Writing even in the early 1930s, Bertrand Russell reflected a wariness about science as it changed from a discipline of “love of knowledge” to become one of “power over knowledge”. In his The Scientific Outlook (first published in 1931), he traced the “first impulse to scientific knowledge” to those who, like Heraclitus and the Ionian philosophers, were “in love with the world” and “felt the strange beauty of the world almost like a madness in the blood. They were men of Titanic passionate intellect, and from the intensity of their intellectual passion the whole movement of the modern world has sprung. But step by step as science developed, the impulse of love which gave it birth has been thwarted, while the impulse of power, which was at first a mere camp follower, has gradually usurped command in virtue of its unforeseen success”. In this process of “love-knowledge” being replaced by “power-knowledge”, science “tends more and more to become sadistic”. “This is the fundamental reason,” says Russell, “why the prospect of a scientific society must be viewed with apprehension.”

Russell’s sceptical view of science as prone to totalitarianism may have been a combination of his own pacifist, anti-nuclear, and at once anti-Stalinist and anti-Nazi, preoccupations and convictions. He was, at the same time, an ardent champion of scientific temper to counter superstition. He contrasted the “will to believe” propounded by William James—which sought to rationalise a leap of faith as much in religion as in one’s own ability to accomplish things against odds—with what he considered the scientific “will to doubt”. In a lecture in memory of Moncure Conway in March 1922, he cited the international acceptance by scientists, based on the evidence adduced, of the then still recent theory of relativity by Einstein even though “his theory upsets the whole theoretical framework of traditional physics; it is almost as damaging to orthodox dynamics as Darwin was to Genesis”. “But none of them,” Russell emphasises, “least of all Einstein himself, would claim that he has said the last word. He has not built a monument of infallible dogma to stand for all time… his doctrines will have to be modified in their turn as they have modified Newton’s. This critical undogmatic receptiveness is the true attitude of science.”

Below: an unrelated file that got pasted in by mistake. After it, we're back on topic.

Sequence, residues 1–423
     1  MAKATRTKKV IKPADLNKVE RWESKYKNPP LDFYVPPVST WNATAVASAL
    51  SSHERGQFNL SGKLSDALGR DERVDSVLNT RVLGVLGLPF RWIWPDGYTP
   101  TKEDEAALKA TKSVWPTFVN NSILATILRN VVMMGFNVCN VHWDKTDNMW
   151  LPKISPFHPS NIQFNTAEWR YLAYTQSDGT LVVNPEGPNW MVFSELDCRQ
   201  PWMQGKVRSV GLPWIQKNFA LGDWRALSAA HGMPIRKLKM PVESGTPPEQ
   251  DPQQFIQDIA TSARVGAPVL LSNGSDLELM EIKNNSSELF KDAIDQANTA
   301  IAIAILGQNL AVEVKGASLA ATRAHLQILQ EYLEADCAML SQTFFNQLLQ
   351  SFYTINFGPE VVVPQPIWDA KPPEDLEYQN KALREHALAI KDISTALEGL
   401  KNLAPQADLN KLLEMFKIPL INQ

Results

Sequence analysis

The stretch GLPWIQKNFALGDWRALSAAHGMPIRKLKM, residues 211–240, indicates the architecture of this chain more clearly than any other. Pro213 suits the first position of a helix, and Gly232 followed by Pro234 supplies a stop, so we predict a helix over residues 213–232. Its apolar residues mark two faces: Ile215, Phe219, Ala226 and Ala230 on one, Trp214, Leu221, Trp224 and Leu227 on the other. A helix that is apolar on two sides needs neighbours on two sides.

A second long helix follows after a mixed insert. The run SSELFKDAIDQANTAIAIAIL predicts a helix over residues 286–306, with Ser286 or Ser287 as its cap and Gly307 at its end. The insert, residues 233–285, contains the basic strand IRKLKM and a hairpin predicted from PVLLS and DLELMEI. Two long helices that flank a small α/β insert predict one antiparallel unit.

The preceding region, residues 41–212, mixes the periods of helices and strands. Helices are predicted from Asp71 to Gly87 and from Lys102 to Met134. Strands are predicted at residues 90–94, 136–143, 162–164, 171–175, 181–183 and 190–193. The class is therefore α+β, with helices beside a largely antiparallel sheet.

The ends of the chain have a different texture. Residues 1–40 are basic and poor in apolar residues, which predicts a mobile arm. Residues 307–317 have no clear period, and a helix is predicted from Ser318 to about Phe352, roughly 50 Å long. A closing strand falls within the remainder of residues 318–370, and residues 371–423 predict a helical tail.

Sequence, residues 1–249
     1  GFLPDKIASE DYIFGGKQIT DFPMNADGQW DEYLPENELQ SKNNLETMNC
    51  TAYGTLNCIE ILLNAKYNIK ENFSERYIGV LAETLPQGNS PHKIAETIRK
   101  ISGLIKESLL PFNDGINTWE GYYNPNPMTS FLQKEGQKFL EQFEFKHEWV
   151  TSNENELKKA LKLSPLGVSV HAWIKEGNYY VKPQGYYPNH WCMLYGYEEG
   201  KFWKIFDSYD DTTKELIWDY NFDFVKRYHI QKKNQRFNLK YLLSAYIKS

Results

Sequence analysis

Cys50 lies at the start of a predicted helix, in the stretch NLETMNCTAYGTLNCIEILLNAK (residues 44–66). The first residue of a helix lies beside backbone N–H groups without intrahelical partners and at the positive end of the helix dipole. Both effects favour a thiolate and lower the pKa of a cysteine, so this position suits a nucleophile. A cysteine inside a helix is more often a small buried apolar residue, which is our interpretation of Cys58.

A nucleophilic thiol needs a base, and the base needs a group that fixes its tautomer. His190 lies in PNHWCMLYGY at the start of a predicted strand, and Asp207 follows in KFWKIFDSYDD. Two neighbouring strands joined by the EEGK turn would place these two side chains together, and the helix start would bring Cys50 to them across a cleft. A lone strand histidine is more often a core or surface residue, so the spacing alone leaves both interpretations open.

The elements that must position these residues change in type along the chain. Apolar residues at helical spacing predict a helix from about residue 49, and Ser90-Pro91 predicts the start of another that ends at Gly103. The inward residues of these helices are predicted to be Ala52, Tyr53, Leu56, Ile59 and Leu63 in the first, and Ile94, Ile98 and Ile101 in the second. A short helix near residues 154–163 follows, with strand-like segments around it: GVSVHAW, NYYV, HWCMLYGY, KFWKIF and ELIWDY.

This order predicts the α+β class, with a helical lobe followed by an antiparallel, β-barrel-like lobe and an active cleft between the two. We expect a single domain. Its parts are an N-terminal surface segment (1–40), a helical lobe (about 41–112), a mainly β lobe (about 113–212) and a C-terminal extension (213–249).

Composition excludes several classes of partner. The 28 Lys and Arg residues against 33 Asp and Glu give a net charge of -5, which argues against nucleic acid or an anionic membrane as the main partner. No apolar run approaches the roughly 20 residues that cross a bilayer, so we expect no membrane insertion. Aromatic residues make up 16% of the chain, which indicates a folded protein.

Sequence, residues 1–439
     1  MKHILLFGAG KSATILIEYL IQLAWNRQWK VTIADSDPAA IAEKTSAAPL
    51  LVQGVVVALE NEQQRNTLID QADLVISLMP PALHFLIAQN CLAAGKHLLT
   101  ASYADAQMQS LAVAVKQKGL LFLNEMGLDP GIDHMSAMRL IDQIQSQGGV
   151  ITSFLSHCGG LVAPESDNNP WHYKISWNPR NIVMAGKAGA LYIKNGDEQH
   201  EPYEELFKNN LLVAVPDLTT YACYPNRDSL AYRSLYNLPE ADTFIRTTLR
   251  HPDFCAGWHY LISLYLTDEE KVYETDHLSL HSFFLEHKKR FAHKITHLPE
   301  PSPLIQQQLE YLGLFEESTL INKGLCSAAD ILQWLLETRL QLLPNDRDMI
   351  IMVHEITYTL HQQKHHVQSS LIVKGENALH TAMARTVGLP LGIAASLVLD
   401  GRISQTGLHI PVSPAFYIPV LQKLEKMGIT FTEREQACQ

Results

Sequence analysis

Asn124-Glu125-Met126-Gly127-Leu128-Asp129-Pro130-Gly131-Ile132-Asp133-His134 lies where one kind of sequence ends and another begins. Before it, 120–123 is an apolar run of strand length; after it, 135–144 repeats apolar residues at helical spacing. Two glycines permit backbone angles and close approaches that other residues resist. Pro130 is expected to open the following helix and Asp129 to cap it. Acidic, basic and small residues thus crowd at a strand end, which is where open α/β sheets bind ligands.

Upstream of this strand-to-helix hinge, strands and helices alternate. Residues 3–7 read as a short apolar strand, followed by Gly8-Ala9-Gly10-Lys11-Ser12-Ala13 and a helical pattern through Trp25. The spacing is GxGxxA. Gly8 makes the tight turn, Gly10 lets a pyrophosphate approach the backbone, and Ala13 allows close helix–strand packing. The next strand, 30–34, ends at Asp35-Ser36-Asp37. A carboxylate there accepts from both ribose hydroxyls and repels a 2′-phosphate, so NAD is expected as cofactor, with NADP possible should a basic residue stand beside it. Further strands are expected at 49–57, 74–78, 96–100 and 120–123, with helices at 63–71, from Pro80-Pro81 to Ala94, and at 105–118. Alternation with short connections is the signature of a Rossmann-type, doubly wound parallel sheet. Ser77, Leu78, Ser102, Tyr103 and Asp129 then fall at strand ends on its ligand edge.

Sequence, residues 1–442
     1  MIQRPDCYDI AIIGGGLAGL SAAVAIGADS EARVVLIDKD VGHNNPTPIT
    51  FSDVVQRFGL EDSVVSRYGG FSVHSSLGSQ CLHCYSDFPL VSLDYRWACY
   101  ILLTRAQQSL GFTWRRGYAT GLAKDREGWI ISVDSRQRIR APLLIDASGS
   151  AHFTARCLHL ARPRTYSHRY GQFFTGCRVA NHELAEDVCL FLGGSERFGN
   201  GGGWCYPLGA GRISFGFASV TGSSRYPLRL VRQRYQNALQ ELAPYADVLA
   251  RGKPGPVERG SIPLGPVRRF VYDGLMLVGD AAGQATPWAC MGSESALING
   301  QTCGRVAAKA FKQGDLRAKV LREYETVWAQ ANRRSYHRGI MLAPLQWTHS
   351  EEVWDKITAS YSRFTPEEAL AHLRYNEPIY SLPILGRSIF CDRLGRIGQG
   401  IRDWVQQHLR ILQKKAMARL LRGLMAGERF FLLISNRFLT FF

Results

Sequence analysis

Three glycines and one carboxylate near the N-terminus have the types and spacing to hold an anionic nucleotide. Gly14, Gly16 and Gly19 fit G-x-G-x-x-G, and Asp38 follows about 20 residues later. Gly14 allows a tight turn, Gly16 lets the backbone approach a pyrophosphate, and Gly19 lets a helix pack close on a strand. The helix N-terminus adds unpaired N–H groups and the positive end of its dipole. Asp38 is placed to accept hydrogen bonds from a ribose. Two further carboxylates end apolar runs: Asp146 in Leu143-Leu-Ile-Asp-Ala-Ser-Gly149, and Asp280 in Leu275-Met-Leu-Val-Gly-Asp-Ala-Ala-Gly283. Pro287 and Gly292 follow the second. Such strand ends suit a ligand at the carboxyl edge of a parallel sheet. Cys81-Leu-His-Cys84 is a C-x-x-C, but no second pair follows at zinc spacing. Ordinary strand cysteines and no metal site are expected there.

The will to doubt, expressed in the Popperian falsifiability premise, made science what another scientist and science historian, John Desmond Bernal, called provisional, or, subject to further refutation or change.

In the last of his wide-ranging, scholarly four volumes on Science in History, published in the early 1950s, J.D. Bernal points to how science and philosophy started out together (the term for both was the same in the early Greek period) and how “questioning” was the driving force of both. On the other hand, science and technology, now often mentioned interchangeably and in the same breath, were separate streams of human endeavour.

The development of technology in the Stone, Bronze or Iron eras proceeded independently of science, as did, he points out, fire, pottery, weaving, and the wheel, so much so that by the Greek period most of the knowhow on which our lives are based had already evolved and really owed little to science. This was true too of the inventions such as the horse collar, sternpost, rudder, trip hammer, and mechanically operated bellows, which propelled the shift from medievalism to modernism.

Bernal plots the autonomous graph of technology through the preliminary or “first industrial revolution” of the 16th century in which the mine, the mill and the ship worked by the nascent labour of a new capitalist system set the tempo for the full-blown industrial revolution initiated two centuries later which was marked by definitive changes like that from wood to coal as fuel, wood to iron as material, horse to water power to the steam-powered engine, and single to multiple action spinning. He sees all these substantially as the achievements of workers in sync with, and leveraging, technology and driven by capital available for new machines.